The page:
Oregon BALANCE was a free educational program for college women 18-24 years old, who were sexually active and who drank alcohol. It was offered at the University of Oregon Health Services and at Western Oregon University Student Health and Counseling Center. It involved one 75 minute interview and two short follow-ups to track any changes the women made in their drinking or birth control use.
The goals of the program were to:
- Decrease “risky” drinking and increase effective birth control use so that women would avoid alcohol exposed pregnancy, which could result in a child born with Fetal Alcohol Spectrum Disorders (FASD).
- Decrease women's risk of unwanted sex, sexually transmitted infections, unintended pregnancy, accidents and injuries related to drinking.
The program was based on a researched harm reduction behavior change model that recommended effective contraception use, abstaining from sex and reduced levels of drinking or abstaining from drinking.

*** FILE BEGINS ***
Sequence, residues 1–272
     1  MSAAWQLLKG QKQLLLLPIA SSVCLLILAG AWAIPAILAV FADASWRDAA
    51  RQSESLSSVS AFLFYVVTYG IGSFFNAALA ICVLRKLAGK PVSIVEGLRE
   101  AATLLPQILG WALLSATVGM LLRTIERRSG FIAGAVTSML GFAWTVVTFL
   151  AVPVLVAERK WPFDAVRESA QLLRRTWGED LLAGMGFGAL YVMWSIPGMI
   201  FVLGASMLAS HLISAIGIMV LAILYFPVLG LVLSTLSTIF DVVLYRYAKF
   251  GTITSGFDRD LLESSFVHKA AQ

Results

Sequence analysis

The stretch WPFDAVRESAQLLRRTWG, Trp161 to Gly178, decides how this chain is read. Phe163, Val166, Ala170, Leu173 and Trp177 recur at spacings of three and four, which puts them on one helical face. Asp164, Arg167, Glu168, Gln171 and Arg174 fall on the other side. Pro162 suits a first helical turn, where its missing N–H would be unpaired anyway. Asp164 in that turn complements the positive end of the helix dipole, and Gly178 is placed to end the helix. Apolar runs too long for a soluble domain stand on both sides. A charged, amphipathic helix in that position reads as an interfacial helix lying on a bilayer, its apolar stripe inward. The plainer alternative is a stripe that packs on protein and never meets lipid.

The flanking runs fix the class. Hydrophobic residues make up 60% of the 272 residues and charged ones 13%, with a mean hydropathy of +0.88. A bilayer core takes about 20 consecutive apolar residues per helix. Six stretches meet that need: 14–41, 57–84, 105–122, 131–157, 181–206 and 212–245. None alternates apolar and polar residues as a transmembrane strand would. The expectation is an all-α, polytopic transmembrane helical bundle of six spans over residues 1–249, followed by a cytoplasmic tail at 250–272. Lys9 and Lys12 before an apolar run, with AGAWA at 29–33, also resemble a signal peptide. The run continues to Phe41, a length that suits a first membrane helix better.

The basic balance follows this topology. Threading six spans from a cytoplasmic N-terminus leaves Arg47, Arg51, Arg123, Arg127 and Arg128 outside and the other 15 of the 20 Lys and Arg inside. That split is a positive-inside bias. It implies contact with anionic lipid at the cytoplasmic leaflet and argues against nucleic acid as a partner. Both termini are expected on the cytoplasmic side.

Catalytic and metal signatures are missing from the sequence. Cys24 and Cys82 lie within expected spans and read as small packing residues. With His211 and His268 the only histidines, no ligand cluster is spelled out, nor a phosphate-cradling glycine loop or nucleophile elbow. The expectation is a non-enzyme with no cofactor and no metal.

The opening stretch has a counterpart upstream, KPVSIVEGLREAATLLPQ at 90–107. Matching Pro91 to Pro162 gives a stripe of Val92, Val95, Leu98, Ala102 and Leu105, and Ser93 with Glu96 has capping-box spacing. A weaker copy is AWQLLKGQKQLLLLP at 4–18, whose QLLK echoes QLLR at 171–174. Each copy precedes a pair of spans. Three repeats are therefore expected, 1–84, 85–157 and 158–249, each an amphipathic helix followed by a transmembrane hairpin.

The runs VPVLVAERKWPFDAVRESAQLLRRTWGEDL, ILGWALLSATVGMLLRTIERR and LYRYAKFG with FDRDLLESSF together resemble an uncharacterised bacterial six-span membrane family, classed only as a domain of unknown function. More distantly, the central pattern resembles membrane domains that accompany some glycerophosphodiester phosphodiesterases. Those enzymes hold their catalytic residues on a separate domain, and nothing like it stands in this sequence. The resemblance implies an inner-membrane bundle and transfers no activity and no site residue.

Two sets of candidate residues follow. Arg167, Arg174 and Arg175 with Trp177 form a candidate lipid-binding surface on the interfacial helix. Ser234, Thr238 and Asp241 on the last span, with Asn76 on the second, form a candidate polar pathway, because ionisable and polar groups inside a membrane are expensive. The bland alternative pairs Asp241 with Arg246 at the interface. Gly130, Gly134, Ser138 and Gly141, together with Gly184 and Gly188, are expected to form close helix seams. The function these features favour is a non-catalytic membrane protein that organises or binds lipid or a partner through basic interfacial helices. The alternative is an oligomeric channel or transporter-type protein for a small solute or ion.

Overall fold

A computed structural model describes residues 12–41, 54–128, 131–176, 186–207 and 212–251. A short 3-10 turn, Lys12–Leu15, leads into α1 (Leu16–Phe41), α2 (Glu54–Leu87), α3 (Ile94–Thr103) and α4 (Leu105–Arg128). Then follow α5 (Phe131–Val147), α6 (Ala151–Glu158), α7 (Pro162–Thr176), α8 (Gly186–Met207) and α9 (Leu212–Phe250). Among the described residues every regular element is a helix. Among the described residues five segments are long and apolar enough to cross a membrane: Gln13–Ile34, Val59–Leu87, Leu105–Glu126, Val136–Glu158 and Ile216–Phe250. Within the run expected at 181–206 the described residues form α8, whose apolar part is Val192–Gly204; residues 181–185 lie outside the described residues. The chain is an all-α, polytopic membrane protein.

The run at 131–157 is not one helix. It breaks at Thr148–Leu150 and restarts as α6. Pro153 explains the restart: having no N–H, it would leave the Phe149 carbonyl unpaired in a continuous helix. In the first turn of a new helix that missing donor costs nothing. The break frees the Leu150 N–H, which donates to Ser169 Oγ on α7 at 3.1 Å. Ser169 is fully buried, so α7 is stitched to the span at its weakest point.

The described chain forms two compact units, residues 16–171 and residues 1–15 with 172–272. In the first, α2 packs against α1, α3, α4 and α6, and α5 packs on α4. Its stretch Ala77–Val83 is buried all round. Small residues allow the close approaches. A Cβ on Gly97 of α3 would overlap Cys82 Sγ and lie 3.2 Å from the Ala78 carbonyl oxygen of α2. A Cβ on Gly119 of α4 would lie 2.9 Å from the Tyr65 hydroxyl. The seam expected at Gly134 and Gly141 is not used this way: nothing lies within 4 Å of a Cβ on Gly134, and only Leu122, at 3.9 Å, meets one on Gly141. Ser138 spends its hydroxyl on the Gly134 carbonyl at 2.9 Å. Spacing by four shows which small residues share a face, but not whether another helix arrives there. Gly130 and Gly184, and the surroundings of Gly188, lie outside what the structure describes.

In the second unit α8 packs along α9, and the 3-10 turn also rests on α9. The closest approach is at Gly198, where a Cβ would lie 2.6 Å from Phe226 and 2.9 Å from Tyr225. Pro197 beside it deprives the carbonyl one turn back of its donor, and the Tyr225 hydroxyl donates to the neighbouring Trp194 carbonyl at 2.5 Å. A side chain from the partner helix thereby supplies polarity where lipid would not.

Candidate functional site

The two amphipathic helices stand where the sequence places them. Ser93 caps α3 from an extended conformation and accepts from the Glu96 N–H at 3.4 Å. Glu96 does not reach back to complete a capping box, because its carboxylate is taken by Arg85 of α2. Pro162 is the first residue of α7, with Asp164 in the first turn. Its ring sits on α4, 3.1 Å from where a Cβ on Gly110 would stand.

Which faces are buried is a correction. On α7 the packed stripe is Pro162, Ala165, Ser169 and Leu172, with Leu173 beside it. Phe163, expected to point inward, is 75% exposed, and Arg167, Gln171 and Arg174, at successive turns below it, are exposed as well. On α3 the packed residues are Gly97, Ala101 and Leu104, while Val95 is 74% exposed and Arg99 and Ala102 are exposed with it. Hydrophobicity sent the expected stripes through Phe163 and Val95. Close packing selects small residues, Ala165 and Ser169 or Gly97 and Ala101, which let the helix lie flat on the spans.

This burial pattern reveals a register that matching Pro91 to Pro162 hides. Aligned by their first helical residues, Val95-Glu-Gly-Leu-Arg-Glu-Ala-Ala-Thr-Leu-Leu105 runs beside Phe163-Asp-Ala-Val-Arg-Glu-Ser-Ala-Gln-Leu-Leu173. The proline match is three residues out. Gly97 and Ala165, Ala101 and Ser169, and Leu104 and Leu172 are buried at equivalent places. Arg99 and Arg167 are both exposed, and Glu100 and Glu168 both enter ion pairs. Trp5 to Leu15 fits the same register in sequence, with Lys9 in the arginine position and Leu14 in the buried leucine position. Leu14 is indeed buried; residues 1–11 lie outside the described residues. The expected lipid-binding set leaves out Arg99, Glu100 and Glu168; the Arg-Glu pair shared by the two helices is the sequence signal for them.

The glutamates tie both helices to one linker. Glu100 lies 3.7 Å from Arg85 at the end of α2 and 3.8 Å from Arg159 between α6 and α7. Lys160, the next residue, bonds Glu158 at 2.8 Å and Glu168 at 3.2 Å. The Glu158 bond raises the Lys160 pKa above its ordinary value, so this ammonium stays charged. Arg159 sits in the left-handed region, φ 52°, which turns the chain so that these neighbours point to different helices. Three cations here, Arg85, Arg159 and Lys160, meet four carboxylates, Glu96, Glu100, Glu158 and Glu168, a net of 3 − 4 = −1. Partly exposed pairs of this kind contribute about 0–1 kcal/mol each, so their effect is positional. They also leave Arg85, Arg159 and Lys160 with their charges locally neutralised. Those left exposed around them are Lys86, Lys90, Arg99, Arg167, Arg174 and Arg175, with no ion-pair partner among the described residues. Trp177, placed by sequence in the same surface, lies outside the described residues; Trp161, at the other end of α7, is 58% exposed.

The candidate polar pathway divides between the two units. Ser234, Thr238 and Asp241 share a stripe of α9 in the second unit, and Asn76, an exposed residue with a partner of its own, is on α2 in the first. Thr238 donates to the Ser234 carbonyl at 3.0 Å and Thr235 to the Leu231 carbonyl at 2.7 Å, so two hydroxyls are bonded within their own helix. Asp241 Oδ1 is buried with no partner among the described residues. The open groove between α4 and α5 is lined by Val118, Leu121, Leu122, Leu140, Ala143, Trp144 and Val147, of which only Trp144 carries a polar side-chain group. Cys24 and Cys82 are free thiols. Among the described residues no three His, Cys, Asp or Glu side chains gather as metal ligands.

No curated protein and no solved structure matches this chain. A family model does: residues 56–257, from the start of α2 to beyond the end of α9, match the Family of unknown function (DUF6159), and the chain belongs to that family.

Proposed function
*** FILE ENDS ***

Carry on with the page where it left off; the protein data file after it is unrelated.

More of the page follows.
Overview of Oregon BALANCE (pdf)
Oregon BALANCE (PowerPoint)
Sex and Alcohol Really Don't Mix (pdf). This article appears in the 2009 Rational Enquirer.
Media campaign: "Don't Open This!"
In January 2005, the FAS Prevention Program commissioned Metropolitan Group, a social marketing organization, to test, create, and develop the Don’t Open This! message. Many focus groups were held with young women across the state. Several messages were developed as a result of the input from women. These messages were tested on the campuses of the University of Oregon and Western Oregon University. The Don’t Open This! concept was selected by women as the most memorable and most likely to attract their attention.
The Don’t Open This! campaign was used to recruit women to participate in Oregon BALANCE. As a result, about 30 percent of women indicated that they heard about BALANCE from the Don’t Open This! campaign.
Don't Open This! campaign materials: